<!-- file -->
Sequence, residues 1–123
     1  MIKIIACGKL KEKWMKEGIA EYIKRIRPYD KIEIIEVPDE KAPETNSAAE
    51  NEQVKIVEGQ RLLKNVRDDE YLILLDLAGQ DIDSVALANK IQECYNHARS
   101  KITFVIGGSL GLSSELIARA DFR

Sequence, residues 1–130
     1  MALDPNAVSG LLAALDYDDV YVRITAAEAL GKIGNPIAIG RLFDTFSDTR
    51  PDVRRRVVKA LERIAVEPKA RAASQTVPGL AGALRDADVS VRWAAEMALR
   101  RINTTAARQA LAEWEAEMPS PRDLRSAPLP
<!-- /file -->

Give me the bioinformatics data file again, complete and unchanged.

Sequence, residues 1–123
     1  MIKIIACGKL KEKWMKEGIA EYIKRIRPYD KIEIIEVPDE KAPETNSAAE
    51  NEQVKIVEGQ RLLKNVRDDE YLILLDLAGQ DIDSVALANK IQECYNHARS
   101  KITFVIGGSL GLSSELIARA DFR

Sequence, residues 1–130
     1  MALDPNAVSG LLAALDYDDV YVRITAAEAL GKIGNPIAIG RLFDTFSDTR
    51  PDVRRRVVKA LERIAVEPKA RAASQTVPGL AGALRDADVS VRWAAEMALR
   101  RINTTAARQA LAEWEAEMPS PRDLRSAPLP